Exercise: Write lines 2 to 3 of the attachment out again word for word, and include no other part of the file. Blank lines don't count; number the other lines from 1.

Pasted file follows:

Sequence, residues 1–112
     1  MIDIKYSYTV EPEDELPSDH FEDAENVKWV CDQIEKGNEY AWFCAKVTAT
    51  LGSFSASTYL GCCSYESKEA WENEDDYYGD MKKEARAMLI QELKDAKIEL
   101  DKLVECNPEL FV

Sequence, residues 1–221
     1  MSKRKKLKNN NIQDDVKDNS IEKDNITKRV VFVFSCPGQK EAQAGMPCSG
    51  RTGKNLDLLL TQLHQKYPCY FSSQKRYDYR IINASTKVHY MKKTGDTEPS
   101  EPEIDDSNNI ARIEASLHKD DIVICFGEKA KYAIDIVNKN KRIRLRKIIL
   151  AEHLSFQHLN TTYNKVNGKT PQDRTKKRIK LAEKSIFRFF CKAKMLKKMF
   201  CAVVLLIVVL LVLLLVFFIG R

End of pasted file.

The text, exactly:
     1  MIDIKYSYTV EPEDELPSDH FEDAENVKWV CDQIEKGNEY AWFCAKVTAT
    51  LGSFSASTYL GCCSYESKEA WENEDDYYGD MKKEARAMLI QELKDAKIEL